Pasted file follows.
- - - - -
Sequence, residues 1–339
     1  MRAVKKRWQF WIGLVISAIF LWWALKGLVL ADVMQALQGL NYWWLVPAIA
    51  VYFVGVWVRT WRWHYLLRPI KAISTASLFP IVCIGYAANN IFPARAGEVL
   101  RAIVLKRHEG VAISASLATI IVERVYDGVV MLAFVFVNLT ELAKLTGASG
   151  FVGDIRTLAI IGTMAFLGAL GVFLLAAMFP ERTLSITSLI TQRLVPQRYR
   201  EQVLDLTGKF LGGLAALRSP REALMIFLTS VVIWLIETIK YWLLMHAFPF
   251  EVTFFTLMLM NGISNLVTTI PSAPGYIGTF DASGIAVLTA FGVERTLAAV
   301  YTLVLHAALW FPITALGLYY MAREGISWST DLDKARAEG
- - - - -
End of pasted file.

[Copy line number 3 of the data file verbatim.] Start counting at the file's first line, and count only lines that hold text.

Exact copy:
    51  VYFVGVWVRT WRWHYLLRPI KAISTASLFP IVCIGYAANN IFPARAGEVL